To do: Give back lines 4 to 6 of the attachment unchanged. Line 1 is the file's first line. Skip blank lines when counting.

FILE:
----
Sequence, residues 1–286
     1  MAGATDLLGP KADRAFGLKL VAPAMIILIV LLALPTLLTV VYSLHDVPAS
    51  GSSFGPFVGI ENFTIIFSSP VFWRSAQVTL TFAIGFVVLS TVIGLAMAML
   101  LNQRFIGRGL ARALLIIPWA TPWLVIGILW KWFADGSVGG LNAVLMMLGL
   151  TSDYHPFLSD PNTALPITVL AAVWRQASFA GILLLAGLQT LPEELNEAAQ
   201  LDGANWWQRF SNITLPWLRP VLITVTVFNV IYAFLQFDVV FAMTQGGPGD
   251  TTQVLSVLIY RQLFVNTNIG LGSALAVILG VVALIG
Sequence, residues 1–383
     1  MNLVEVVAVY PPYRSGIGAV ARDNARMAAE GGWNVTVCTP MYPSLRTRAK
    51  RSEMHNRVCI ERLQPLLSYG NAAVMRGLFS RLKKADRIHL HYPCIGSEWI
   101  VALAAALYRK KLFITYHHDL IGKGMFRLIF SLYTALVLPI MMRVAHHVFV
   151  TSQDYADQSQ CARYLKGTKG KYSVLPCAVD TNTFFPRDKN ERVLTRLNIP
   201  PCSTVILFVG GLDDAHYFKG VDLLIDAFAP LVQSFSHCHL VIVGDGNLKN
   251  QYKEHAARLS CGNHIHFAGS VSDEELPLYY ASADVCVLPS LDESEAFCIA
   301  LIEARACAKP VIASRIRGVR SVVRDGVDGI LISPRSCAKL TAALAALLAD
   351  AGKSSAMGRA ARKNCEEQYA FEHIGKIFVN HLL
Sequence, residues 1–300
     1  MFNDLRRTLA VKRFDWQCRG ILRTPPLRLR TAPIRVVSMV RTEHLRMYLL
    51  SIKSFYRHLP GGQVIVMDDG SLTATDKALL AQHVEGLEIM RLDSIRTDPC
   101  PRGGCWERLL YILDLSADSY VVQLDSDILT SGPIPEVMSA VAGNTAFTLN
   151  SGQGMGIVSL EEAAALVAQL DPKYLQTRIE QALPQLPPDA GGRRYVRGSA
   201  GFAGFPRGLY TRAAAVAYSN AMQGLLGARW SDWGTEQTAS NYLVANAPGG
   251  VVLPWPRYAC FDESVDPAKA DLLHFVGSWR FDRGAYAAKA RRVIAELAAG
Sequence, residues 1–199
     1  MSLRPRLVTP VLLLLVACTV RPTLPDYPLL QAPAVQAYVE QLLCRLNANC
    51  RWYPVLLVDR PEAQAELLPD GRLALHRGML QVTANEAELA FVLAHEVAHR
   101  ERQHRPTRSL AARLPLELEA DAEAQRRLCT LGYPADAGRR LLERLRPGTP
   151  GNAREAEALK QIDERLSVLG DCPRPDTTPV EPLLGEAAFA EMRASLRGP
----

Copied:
   101  LNQRFIGRGL ARALLIIPWA TPWLVIGILW KWFADGSVGG LNAVLMMLGL
   151  TSDYHPFLSD PNTALPITVL AAVWRQASFA GILLLAGLQT LPEELNEAAQ
   201  LDGANWWQRF SNITLPWLRP VLITVTVFNV IYAFLQFDVV FAMTQGGPGD